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Joseph Conrad (1857-1924) - Jósef Teodor Konrad Korzeniowski


Polish-born English novelist and short-story writer, a dreamer, adventurer, and gentleman. In his famous preface to The Nigger of the 'Narcissus' (1897) Conrad crystallized his often quoted goal as a writer: "My task which I am trying to achieve is, by the power of the written word, to make you hear, to make you feel-it is, above all, to make you see. That-and no more, and it is everything." Among Conrad's best-known works are Lord Jim (1900) and Heart of Darkness (1902). Conrad discouraged interpretation of his sea novels through evidence from his life, but several of his stories drew the material, events, and personalities from his own experiences in different parts of the world. While making his first voyages to the West Indies, Conrad met the Corsican Dominic Cervoni, who was later model for his characters filled with a thirst for adventure.

"We live, as we dream-alone." (from Heart of Darkness)

Joseph Conrad was born in Berdichev, in the Ukraine, in a region that had once been a part of Poland, but was then under Russian rule. His father Apollo Korzeniowski was an aristocrat without lands, a poet and translator of Shakespeare and Dickens and French literature. At the time of Conrad's birth, the family estates had been sequestrated in 1839 following an anti-Russian rebellion. As a boy the young Joseph read with his father Polish and French versions of English novels, including translations of Charles Dickens and Captain Frederick Marryat. English was Conrad's third language; he learned to read and write in French before he knew English. Apollo Korzeniowski became embroiled in political activities. After being imprisoned for six months, he was sent to exile with his family to Volgoda, northern Russia, in 1861. Two years later the family was allowed to move to Kiev. Conrad suffered from a number of lung inflammations and epileptic seisuzes. Throughout the remainder of his life, he had health problems.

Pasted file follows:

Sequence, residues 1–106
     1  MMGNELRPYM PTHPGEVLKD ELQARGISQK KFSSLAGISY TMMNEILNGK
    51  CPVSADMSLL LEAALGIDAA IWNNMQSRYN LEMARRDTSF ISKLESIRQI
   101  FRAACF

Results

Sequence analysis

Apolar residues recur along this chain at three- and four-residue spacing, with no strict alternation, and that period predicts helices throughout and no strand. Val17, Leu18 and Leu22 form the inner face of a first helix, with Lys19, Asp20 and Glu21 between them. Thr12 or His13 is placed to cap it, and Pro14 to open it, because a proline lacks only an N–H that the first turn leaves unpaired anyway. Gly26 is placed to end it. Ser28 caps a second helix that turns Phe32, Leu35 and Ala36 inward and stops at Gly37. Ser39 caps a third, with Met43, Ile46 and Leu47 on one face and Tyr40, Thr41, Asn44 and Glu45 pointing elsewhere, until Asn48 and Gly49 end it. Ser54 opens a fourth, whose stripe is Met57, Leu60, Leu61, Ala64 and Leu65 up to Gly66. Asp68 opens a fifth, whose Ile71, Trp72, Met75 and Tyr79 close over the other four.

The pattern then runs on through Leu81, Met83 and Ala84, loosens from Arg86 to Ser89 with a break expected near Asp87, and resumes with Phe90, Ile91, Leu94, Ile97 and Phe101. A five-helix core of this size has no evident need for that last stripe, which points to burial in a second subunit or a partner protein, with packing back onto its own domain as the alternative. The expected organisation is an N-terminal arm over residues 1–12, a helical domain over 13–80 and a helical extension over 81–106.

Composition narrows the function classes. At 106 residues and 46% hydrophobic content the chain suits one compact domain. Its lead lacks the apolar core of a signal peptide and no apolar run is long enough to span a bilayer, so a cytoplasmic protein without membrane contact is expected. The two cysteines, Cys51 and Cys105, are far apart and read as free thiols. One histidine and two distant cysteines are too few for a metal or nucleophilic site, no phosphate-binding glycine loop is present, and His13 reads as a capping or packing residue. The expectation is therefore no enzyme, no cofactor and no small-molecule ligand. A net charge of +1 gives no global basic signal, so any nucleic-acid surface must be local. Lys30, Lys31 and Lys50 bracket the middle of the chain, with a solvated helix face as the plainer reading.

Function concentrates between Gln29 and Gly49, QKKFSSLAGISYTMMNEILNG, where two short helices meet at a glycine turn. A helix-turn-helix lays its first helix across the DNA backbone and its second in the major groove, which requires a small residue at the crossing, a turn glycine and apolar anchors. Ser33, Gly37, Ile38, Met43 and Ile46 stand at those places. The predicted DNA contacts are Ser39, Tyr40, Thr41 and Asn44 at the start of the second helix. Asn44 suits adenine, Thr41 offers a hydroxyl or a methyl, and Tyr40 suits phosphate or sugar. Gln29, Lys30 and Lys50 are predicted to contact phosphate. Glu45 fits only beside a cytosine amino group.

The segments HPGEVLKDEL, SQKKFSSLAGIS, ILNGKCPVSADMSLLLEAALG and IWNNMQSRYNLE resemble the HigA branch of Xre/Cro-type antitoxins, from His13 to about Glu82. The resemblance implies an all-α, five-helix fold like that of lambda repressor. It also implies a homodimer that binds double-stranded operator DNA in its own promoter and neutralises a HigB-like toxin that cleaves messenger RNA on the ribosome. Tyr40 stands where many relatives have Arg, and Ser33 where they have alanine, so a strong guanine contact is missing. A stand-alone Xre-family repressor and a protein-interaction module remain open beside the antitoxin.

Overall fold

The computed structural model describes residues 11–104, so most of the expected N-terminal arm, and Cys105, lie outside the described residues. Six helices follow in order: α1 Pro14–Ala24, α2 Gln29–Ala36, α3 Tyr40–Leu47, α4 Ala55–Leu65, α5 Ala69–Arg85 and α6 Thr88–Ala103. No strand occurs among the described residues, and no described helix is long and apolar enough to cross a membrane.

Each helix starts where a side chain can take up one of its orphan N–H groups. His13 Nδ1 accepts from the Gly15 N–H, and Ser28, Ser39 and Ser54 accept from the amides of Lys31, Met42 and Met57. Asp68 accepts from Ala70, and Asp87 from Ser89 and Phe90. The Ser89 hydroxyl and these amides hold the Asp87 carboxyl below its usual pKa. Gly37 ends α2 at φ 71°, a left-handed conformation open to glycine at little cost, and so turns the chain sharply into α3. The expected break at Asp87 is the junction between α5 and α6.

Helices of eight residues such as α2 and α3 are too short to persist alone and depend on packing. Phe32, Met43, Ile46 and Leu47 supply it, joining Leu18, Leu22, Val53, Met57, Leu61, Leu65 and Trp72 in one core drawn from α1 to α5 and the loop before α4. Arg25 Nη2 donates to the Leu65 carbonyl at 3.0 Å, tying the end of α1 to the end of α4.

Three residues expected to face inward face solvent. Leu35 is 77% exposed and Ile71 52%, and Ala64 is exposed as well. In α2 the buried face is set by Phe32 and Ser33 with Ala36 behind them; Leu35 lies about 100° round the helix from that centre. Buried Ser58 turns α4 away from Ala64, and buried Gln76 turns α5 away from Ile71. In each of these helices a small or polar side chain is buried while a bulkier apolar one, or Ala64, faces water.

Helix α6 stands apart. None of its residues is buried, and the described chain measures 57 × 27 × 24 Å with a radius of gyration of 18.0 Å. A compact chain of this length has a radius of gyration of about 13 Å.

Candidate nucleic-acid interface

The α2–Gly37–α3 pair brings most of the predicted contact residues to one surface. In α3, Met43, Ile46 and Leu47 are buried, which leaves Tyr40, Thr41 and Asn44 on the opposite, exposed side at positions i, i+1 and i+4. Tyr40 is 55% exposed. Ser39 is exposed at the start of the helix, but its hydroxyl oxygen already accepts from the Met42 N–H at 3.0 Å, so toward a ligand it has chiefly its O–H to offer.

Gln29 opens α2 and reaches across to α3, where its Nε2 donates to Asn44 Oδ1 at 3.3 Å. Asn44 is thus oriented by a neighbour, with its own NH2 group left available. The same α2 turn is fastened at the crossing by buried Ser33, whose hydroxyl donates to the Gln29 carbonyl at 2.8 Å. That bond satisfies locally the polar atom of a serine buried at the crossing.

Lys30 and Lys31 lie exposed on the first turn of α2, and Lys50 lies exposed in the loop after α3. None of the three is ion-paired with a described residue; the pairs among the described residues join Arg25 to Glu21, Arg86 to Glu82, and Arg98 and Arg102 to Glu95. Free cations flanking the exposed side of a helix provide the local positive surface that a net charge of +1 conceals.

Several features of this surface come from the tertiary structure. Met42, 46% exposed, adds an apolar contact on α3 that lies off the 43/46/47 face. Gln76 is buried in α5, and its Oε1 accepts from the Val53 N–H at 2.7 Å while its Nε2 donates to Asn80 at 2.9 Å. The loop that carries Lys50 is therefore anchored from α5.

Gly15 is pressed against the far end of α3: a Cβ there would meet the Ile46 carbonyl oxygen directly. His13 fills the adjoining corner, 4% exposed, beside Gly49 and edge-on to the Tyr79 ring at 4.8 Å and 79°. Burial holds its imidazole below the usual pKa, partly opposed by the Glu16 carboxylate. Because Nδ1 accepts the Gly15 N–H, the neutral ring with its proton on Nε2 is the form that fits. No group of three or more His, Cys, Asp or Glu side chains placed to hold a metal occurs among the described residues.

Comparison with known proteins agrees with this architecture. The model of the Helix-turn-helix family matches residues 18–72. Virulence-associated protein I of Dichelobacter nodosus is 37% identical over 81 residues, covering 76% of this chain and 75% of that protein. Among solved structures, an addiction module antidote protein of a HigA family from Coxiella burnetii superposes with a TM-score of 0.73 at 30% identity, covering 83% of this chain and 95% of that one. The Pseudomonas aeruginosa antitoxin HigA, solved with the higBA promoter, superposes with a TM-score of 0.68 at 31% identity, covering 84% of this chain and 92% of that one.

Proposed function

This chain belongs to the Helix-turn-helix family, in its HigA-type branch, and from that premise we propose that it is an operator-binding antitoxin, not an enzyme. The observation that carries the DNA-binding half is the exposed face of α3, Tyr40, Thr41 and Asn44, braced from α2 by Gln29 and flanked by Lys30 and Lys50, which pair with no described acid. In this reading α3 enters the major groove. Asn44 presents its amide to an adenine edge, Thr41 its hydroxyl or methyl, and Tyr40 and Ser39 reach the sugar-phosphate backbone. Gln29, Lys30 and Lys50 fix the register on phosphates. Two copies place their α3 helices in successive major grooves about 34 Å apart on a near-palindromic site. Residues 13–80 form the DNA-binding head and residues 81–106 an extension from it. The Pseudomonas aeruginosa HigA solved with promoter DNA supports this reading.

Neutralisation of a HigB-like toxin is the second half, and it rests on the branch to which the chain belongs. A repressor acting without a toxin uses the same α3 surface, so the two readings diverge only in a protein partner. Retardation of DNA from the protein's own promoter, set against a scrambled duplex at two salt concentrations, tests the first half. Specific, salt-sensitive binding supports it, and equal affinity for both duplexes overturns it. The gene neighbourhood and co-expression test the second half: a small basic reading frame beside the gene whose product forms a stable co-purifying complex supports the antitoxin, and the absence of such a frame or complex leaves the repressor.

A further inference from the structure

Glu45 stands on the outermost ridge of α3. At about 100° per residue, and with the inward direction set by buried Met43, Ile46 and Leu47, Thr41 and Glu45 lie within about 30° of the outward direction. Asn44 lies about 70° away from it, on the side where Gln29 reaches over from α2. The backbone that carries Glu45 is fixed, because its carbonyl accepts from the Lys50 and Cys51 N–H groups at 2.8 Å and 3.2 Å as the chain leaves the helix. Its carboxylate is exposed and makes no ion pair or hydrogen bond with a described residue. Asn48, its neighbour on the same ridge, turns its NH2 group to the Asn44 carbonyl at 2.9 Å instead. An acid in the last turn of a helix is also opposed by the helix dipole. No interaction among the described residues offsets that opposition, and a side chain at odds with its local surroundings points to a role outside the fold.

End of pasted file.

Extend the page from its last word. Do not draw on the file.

By 1869 Conrad's both parents had died of tuberculosis, and he was sent to Switzerland to his maternal uncle Tadeusz Bobrowski, who was to be a continuing influence on his life. On his death in 1894 Tadeusz left about £1,600 to his nephew-a sizable sum of money, well over £100,000 now. Conrad attended schools in Kraków and persuaded his uncle to let him go to the sea. In the mid-1870s he joined the French merchant marine as an apprentice, and made between 1875 and 1878 three voyages to the West Indies. During his youth Conrad also was involved in arms smuggling for the Carlist cause in Spain.